Stock Market Crash of 1929 Facts, Causes, and Impact

The Worst Crash in U.S. History

Man Selling Roadster After Stock Market Crash
••• Photo: Bettman/Getty Images

The stock market crash of 1929 was a collapse of stock prices that began on Oct. 24, 1929. By Oct. 29, 1929, the Dow Jones Industrial Average had dropped 24.8%, marking one of the worst declines in U.S. history. It destroyed confidence in Wall Street markets and led to the Great Depression

Key Takeaways

  • The stock market crash of 1929 was one of the worst declines in U.S. history. 
  • The three key trading dates of the crash were Black Thursday, Black Monday, and Black Tuesday. The latter two days were among the four worst days the Dow has ever seen, by percentage decline.
  • The overconfidence in stock market investments during the Roaring Twenties created an unsustainable asset bubble.
  • Overnight, many people lost their businesses and life savings, setting the stage for the Great Depression.

What Happened

The first day of the crash was Black Thursday. The Dow opened at 305.85. It immediately fell 9%, signaling a stock market correction. Trading was triple the normal volume. Wall Street bankers feverishly bought shares to prop it up. The strategy worked. By the end of the day, the Dow was down just 2%.

On Friday, October 25, the positive momentum continued. The Dow rose 0.6% to 301.22. A short trading day on Saturday, October 26, removed that gain. The Dow closed at 298.97.

On Black Monday, October 28, the Dow fell 12.8% to 260.64.

On Black Tuesday, October 29, the Dow fell 11.7% to 230.07. Panicked investors sold 16,410,310 shares.

Black Monday and Tuesday were among the four worst days in Dow history. They were exceeded by three subsequent crashes:

  • A 12.93% drop during the 2020 stock market crash.
  • A 22.61% decline on Black Monday 1987.
  • A 23.52% fall in 1914.

Causes

Earlier in the week of the stock market crash, the New York Times headlines fanned the panic with articles about margin sellers, short-selling, and the exit of foreign investors.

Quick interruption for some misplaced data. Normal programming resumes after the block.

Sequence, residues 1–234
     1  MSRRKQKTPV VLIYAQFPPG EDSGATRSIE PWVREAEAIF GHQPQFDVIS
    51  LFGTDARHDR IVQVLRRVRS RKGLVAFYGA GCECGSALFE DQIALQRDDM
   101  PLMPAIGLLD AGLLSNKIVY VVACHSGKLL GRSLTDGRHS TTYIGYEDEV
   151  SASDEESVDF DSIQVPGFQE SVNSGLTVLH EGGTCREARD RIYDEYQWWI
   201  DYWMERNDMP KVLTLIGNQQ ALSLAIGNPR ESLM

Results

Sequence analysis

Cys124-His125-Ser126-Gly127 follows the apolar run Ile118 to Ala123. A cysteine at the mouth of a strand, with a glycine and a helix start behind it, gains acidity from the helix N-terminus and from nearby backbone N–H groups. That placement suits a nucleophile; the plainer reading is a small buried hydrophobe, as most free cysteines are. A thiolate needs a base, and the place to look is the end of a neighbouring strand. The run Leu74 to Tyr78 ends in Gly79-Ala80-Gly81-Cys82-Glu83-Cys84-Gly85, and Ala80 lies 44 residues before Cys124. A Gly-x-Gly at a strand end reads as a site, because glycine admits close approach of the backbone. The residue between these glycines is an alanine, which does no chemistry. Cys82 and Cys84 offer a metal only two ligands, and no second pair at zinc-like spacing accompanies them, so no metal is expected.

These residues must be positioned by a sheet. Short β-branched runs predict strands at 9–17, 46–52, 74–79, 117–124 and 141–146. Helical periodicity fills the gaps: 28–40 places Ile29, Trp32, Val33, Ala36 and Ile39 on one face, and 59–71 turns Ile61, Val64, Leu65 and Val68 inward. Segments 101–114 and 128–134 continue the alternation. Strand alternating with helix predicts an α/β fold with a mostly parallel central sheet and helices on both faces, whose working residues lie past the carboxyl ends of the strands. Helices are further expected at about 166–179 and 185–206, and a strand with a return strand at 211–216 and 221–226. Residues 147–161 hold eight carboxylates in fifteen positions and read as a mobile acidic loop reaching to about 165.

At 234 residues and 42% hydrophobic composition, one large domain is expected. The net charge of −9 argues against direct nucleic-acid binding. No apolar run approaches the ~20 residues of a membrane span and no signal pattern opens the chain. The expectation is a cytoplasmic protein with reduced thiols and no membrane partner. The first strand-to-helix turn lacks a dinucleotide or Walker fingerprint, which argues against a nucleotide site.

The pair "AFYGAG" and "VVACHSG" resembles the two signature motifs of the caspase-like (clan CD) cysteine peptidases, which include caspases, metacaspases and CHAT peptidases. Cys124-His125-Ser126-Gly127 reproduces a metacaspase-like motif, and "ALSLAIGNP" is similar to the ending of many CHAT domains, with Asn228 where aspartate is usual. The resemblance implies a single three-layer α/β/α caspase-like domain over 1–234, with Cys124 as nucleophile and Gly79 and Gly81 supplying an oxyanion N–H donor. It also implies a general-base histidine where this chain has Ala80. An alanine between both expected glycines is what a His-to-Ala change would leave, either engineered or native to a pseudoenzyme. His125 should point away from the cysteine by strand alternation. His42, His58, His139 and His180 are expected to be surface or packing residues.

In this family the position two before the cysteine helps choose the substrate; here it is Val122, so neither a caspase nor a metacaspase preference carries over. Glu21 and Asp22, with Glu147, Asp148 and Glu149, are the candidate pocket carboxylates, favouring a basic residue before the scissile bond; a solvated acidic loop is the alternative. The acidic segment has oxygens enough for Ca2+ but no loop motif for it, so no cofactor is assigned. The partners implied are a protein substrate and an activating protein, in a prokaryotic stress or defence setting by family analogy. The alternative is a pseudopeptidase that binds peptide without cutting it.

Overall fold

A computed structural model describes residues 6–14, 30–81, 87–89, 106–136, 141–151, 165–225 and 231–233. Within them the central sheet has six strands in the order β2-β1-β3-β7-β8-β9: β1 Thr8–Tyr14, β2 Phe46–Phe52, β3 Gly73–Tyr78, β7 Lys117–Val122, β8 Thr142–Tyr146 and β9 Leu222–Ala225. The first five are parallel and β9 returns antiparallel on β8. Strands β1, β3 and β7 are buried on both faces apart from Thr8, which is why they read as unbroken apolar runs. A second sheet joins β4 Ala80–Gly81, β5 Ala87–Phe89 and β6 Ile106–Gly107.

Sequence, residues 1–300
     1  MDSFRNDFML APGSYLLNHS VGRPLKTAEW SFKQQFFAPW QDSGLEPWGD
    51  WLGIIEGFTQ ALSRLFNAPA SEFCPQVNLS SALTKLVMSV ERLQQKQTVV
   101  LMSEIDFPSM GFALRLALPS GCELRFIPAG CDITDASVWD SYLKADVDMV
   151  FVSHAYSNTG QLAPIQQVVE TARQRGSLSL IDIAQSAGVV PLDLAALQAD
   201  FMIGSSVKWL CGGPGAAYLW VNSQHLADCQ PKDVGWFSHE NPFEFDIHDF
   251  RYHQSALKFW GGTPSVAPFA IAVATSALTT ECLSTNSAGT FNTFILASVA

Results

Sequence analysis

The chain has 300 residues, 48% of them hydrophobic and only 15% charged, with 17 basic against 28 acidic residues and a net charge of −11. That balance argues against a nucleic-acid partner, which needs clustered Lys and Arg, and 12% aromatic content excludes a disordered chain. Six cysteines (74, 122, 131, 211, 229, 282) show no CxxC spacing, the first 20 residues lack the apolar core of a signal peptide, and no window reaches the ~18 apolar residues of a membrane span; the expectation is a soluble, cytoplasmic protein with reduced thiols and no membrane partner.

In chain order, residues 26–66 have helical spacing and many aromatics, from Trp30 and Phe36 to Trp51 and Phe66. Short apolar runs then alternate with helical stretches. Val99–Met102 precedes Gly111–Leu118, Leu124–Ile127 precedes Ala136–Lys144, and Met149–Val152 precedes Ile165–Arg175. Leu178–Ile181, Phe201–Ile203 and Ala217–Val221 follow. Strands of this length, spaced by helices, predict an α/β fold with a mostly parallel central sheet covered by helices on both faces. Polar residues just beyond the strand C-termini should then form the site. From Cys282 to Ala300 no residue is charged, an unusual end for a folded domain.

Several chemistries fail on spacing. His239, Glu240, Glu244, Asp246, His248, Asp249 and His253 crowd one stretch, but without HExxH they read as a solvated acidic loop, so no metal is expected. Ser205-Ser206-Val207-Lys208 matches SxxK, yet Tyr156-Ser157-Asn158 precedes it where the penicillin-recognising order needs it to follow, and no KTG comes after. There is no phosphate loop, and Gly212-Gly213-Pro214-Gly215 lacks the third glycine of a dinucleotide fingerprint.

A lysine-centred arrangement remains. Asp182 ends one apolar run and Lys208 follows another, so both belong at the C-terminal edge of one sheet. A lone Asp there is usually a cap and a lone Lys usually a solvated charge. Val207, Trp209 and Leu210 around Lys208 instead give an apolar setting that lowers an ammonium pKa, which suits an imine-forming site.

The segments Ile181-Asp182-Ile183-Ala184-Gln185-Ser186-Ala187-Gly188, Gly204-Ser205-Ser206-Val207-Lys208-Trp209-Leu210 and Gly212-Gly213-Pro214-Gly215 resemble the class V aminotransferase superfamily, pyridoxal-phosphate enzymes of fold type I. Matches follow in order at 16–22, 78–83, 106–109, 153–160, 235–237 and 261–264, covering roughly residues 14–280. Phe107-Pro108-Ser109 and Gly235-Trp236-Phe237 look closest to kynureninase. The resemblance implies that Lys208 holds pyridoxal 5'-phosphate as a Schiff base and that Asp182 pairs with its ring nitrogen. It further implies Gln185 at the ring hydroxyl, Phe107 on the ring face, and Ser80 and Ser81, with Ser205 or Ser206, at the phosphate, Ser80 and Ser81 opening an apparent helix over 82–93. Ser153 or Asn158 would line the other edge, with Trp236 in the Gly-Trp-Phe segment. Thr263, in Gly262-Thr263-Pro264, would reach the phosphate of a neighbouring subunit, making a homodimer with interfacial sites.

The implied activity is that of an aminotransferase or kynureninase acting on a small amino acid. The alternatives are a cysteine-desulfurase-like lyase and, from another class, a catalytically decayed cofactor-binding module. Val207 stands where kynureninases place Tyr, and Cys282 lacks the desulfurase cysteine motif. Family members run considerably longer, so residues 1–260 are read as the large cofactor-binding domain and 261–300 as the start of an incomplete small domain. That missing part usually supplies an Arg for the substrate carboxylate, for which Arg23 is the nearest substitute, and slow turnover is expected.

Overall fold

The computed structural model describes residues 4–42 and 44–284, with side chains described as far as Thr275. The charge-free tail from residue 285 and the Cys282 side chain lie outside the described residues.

The Dow was already down 30% from its September 3 high, according to S&P Dow Jones Indices. That signaled a bear market. In late September, investors had been worried about massive declines in the British stock market. Investors in Clarence Hatry's company lost billions when they discovered he used fraudulent collateral to buy United Steel. A few days later, Great Britain's Chancellor of the Exchequer, Philip Snowden, described America's stock market as "a perfect orgy of speculation."

The next day, U.S. newspapers agreed. They quoted U.S. Treasury Secretary Andrew Mellon who said investors "acted as if the price of securities would infinitely advance."

In response, the Dow dropped significantly on both of those days and again on October 16. By the 19th and 20th, The Washington Post reported a drop in ultra-safe utility stocks.

The day before Black Thursday, The Washington Post headlines blared "Huge Selling Wave Creates Near-Panic as Stocks Collapse," while The Times screamed "Prices of Stocks Crash in Heavy Liquidation." By Black Thursday, panic had set in for the worst stock market crash in history. 

The crash followed an asset bubble. Since 1922, the stock market had gone up by more than 20% a year.